John Walsh, well-known air boss, AOPA events collaborator, U.S. Marine Corps veteran, and retired air traffic controller, died November 16. He was 64 years old.
Walsh's aviation career began while serving in the Marine Corps from 1977 to 1981. During that time, he attended Embry-Riddle Aeronautical University, earned his air traffic control certification, and served as a tactical air controller until his retirement almost 5 years later with the rank of sergeant.
Following a successful career as an FAA front line manager and controller, Walsh spent most of the last decade working airshows throughout the United States, becoming heavily involved in aviation event consultation, planning, and air traffic control with his wife, Nan. Through the years, he helped coordinate shows with difficult regulatory and FAA-related administrative challenges. Most notably, Walsh used his background and experience to develop ramp management procedures for special events, including the Masters golf tournament and two Super Bowls.
"John Walsh was a dedicated SUN 'n FUN volunteer working in Airside Ground Safety and Air Operations for over 20 years, doing what he loved to do... sharing his love of aviation," Laura Harrelson Vaughn said in a social media tribute posted in a Facebook group created to honor and memorialize Sun 'n Fun Aerospace Expo volunteers. Walsh also served as an FAA controller at the annual Lakeland, Florida, event. "He touched us all with his grace and willingness to carry on, making friends along the way... He was a friend and supporter of [Aerospace Center for Excellence] and SUN 'n FUN, our staff, volunteers and the students who have come here and want to love aviation too. We will miss him, his contributions, his can-do spirit and his willingness to pass the love along! Please keep Nan and their family in your prayers... Thank you, John... for everything!"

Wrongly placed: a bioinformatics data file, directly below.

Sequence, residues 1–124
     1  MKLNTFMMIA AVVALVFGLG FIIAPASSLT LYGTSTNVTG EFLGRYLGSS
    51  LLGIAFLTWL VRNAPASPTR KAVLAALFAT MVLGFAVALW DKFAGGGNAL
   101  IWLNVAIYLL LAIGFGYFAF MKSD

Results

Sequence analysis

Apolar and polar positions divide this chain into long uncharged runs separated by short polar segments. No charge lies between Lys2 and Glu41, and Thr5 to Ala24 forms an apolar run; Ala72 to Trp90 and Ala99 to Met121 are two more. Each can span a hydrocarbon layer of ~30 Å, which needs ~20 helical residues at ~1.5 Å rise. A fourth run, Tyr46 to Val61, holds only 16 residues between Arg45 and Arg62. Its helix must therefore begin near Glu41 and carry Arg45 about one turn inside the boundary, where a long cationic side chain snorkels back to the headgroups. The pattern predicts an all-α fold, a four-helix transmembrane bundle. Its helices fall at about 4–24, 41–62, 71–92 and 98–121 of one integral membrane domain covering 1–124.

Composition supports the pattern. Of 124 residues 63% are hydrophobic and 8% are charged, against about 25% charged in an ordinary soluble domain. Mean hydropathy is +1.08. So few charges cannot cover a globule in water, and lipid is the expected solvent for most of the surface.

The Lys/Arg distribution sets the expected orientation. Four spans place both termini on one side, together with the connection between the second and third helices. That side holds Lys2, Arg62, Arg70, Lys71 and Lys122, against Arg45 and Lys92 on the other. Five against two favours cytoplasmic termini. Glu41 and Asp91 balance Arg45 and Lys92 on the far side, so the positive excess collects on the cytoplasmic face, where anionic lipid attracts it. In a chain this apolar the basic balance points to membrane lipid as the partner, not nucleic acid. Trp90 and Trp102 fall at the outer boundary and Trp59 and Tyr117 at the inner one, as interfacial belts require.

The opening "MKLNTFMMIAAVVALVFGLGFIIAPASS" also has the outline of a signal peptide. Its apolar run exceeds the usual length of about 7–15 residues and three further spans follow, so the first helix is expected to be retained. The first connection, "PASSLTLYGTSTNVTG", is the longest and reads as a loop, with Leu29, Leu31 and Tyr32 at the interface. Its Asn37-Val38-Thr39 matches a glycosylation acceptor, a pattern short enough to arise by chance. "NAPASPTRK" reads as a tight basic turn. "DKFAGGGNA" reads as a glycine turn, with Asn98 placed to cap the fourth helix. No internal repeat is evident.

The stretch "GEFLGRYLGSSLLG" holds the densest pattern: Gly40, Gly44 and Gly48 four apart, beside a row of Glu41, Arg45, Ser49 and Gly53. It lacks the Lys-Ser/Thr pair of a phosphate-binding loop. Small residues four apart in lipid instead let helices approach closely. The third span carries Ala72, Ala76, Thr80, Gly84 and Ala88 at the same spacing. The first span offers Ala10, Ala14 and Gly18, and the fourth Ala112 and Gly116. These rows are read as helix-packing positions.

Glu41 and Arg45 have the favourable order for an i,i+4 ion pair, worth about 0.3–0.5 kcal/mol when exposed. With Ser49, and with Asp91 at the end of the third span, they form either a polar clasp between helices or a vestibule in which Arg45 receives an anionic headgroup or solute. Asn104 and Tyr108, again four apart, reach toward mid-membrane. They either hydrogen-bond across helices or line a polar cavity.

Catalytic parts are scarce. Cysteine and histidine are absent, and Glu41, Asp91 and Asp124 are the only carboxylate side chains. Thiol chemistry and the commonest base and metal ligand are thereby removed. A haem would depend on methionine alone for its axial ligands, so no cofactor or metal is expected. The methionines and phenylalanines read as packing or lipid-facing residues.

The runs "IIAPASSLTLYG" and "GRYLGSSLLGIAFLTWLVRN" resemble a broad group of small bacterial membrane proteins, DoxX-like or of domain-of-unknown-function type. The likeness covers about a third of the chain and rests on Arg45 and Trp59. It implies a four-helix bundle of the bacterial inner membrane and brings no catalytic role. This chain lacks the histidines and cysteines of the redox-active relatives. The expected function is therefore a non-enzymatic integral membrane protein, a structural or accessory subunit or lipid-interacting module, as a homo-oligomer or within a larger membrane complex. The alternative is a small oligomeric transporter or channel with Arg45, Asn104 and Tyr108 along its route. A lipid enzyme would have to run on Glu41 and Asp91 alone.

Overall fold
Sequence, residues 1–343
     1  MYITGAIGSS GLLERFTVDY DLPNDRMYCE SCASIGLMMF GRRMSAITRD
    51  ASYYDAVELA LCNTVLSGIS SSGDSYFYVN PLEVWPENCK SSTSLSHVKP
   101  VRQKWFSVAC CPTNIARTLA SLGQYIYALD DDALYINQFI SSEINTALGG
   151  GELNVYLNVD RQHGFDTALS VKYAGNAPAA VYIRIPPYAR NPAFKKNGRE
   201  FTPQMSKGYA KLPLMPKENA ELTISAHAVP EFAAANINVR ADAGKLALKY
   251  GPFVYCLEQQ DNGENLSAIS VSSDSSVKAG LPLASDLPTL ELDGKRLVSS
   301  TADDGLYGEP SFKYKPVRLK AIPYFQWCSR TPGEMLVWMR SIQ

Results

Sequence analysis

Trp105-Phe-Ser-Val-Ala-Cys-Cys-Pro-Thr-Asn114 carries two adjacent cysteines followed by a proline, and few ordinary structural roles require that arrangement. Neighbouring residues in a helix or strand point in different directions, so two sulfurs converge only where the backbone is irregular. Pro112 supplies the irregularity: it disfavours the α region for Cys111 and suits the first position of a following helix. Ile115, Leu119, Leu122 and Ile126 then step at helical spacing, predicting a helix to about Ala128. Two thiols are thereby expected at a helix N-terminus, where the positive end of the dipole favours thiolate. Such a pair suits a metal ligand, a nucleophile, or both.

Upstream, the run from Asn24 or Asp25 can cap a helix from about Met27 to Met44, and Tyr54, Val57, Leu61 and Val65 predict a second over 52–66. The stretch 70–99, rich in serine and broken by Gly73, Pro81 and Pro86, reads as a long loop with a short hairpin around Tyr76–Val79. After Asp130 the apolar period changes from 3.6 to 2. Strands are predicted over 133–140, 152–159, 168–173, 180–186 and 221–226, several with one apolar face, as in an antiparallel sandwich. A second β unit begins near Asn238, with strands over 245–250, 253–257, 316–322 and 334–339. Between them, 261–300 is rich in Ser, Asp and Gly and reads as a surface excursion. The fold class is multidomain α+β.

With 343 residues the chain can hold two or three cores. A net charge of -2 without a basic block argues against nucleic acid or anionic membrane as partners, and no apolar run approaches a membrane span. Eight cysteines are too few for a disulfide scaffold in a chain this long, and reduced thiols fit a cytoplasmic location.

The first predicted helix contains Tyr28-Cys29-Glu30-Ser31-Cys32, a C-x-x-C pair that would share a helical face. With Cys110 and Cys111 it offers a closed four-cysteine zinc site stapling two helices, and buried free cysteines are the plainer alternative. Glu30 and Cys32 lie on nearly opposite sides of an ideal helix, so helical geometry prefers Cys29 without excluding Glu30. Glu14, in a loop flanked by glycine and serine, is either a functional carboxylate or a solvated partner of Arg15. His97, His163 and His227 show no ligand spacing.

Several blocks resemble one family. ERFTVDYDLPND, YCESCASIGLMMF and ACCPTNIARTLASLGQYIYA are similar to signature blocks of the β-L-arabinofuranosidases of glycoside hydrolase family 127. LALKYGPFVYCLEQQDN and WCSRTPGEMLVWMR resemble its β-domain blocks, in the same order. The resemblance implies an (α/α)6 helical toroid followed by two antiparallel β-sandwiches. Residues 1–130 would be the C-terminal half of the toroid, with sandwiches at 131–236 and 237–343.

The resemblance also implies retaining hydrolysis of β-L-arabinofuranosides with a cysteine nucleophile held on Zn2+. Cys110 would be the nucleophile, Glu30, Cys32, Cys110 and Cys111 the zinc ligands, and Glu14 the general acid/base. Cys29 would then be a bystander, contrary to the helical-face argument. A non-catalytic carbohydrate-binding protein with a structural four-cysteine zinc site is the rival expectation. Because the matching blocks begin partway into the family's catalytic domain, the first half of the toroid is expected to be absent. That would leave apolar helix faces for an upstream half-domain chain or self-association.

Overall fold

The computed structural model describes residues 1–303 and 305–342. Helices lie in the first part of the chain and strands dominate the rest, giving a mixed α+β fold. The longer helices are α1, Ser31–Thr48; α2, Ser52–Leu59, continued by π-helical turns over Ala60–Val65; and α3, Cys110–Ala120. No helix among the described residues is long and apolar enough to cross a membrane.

Walsh and Nan also served as "air boss" for several AOPA Fly-Ins between 2014 and 2022. Most impressive was their involvement in AOPA's 2016 fly-in at Bremerton, Washington, where more than 700 aircraft were all safely and cheerfully guided in by the husband-and-wife team—the highest number of fly-in aircraft of any AOPA event.
"We got to know John and his wife Nan as they worked air traffic at our fly-in events and they quickly became part of the AOPA family," Dave Roy, vice president of the AOPA Pilot Information Center, said. "John's expertise and experience established the highest level of safety and professionalism at our events. We will miss John for his friendship and leadership."